Seville on speed

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I know this title may sound a contradiction in terms, well it certainly was for me from a previous visit. I had Seville in my memory as a sleepy, opulent town, full of horse drawn carriages, flamenco glad girls clinging to the shade, stifling heat and an abundance of oranges. But that wasn’t my experience this trip. I won’t bore you with all the details of why we had to see every major touristic site in one day between the hours of 11am and 5pm but we did.

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We had booked a car, that could take 4 people and 9 bags of luggage, instead we were met by the very bad-tempered Jose Antonio, whose car was tiny, who spoke no English and was desperate to get rid of us at the first opportunity and any ideas of charming him to be our guide for the day, went straight out the window. He dumped us at the very grand and glamorous Alphonso hotel.

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We had a delicious lunch in the courtyard of the hotel with my American friend saying repeatedly, “the cathedral is going to close in fifteen minutes”.  Ignoring her, we ordered more and more food for the marathon task ahead. My friend, being very resourceful, actually managed to get into the cathedral after closing hours by pretending she was part of a wedding group, only to announce later that she had got confused with a cathedral somewhere else and it wasn’t so amazing after all. But all major tour guides have the cathedral as one of the musts of going to Seville, climb to the top of the spire, where you can see the whole of the city laid out in all its glory.

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We then snapped into action to see the Alcaraz, where I thought my friend would be dismayed by the lines of patient people, queueing for three hours, who had booked at 10am and were still waiting in the by now excruciating heat. (Get your hotel to do it in advance!) But far from it, she ran past everyone screaming in Spanish a phrase that she had got wrong from my daughter. “Feliz cumpleanos hoy” which roughly translated means ‘Happy Birthday me today!’  My daughter said “I hate queue jumping” and stayed rooted to the spot, but the happy birthday routine had worked on the sleepy guides, who couldn’t resist this fireball of determination. My friend was beckoning frantically for us to enter, so shoot past the crowd we did.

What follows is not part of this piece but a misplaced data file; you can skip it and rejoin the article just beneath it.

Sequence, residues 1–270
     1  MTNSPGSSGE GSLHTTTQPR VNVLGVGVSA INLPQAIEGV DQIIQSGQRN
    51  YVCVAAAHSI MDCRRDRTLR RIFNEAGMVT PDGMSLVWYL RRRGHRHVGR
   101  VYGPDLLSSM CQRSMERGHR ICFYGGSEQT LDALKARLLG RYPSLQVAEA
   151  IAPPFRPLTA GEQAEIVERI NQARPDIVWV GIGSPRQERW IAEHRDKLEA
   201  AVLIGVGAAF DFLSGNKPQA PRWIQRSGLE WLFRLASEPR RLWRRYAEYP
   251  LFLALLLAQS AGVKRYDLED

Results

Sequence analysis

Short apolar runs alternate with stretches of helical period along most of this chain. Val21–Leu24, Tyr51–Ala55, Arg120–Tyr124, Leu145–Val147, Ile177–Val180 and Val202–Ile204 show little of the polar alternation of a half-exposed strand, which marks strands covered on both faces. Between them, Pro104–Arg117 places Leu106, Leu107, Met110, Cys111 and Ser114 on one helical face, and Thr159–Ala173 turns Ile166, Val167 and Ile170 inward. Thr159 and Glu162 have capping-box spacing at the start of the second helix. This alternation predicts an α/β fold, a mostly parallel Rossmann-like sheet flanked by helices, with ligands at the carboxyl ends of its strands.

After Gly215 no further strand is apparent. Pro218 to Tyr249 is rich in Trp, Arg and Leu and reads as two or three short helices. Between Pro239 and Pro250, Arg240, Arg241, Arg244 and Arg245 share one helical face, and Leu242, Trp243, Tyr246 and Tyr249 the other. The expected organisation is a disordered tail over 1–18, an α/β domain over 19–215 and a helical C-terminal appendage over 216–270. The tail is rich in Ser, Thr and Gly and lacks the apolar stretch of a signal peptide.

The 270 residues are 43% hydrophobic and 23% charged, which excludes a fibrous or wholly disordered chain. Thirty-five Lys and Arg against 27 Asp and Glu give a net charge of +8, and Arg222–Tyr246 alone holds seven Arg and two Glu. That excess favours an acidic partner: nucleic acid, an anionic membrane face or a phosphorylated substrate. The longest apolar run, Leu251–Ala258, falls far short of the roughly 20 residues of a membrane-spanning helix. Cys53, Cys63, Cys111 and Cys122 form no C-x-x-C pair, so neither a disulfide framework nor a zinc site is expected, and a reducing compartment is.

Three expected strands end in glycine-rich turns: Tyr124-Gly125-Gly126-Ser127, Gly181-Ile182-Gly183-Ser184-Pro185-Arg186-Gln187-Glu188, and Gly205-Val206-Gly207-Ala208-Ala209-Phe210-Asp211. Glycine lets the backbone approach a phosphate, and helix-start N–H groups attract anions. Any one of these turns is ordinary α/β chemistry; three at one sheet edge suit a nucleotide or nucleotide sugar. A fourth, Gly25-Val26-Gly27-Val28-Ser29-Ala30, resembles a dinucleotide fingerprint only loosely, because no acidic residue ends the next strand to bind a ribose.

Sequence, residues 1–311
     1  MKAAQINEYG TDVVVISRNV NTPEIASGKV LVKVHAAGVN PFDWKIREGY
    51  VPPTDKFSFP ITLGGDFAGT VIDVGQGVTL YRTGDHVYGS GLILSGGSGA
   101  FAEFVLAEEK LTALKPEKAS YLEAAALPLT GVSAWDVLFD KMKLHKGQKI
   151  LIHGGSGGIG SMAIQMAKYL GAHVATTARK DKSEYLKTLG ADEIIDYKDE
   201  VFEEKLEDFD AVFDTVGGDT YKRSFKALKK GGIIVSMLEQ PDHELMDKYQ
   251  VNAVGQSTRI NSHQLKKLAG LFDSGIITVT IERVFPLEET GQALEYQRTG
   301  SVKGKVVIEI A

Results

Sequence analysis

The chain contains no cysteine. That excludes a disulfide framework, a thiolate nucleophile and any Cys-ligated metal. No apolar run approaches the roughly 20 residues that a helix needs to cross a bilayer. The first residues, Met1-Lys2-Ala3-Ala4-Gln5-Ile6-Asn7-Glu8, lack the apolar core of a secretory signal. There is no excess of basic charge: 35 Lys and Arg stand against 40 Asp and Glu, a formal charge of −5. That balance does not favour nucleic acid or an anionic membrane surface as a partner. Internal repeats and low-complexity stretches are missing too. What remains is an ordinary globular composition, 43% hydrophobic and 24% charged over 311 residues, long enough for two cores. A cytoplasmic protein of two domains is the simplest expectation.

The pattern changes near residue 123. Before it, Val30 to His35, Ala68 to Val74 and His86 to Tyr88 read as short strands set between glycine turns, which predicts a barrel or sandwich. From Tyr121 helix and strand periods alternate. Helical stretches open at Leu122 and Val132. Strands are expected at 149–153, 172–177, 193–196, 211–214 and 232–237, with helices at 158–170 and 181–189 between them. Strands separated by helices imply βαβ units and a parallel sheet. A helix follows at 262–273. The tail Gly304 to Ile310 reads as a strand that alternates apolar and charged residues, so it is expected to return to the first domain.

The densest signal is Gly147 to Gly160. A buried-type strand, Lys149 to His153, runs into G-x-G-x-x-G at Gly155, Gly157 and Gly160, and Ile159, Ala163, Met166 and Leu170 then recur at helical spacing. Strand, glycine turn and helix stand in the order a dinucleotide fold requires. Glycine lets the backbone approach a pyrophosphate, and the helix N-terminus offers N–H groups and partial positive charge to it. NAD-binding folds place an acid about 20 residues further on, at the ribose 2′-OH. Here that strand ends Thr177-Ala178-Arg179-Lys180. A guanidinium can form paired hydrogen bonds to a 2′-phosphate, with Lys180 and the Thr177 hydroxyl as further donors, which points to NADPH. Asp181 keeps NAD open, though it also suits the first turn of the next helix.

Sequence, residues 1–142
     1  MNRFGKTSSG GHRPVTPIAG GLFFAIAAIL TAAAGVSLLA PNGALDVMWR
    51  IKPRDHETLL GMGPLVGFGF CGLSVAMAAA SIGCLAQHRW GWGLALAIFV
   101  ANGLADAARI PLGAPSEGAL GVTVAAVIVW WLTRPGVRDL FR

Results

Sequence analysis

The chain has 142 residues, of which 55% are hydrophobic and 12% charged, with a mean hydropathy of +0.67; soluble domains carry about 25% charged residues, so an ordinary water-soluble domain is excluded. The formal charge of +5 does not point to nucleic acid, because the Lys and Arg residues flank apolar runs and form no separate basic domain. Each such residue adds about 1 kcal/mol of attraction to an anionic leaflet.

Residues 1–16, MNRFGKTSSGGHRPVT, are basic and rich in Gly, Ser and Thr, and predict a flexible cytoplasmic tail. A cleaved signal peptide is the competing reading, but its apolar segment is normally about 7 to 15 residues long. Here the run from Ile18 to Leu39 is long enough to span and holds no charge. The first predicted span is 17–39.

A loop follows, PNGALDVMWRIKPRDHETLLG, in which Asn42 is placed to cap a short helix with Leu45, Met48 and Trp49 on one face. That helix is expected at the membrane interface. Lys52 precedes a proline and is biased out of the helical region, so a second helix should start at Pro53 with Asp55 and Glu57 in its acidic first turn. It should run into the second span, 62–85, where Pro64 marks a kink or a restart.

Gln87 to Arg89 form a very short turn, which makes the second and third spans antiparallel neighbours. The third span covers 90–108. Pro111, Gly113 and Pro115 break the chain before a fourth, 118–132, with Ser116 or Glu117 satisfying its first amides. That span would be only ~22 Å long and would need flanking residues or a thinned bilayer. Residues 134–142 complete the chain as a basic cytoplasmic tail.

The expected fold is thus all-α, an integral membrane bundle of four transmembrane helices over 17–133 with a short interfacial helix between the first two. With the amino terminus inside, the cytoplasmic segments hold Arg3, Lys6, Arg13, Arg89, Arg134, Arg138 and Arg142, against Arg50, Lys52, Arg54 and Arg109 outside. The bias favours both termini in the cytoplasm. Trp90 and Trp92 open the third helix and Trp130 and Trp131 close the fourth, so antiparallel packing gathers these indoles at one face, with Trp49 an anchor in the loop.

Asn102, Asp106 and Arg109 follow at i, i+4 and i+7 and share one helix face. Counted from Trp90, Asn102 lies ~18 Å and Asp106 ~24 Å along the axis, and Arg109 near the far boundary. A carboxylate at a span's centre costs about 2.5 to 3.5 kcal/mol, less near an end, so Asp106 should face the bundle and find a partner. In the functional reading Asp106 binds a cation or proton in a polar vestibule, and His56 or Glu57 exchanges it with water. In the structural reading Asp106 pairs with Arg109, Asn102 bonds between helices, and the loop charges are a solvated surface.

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You should spend several hours here, the gardens are spectacular and I wanted to just to sit down and absorb the atmosphere and contemplate the fact that Jews, Arabs and Christians all lived beside each other in perfect harmony. But no chance, we were moving too fast. I didn’t see the fan collection or the tapestries or really the mosaics. I was in such a daze that what really caught my eye were two identical twins who were squirting each other in a fountain and squealing with delight.

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By now, we had all caught the mania of nailing all the sights in a couple of hours, so we raced through the Jewish quarter and discovered a Segway center. Abandoning our bags to total strangers, we then shot around the town, past the Bullfighting Museum (a must) the Flamenco museum (another must), in fact we flashed past all the major museums and the first ever tobacco factory in the world. Our guide told us that Seville used to be an important port, of which I was doubtful, until we were alongside the Guadalquivir river and I saw how this indeed must be true. It would be heaven to take a boat down the river, but on we went around the Palacio de Espana gardens, which normally takes an afternoon, we had seen it all in fifteen minutes. The Palace is a beautiful, semi-circle of a building, in a huge park, built to face South America like an embrace.

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Next on the list was frantic shopping in Calle Sierpes, for leather goods, espadrilles and anything else that took our fancy. Having ransacked the shops, we slumped in exhaustion at a bar and contemplated where to have the “Feliz cumpleanos hoy” dinner. Resourceful as ever, my friend produced a list that she had got from the concierge of the Alphonso. I am surprised he hadn’t been persuaded to abandon his job and drive us around in a horse drawn carriage.

We ate at the stunning Restaurante Abades Triana overlooking the river, delicious cocktails, amazing food, but such slow service. We had hardly got through our main course before Jose Antonio was back. In a totally different mood, drunk probably, he drove at 160kph, with blaring music, up into the mountains and on to our next destination.

http://avenueproperty.com/destinations/seville-boutique-hotel/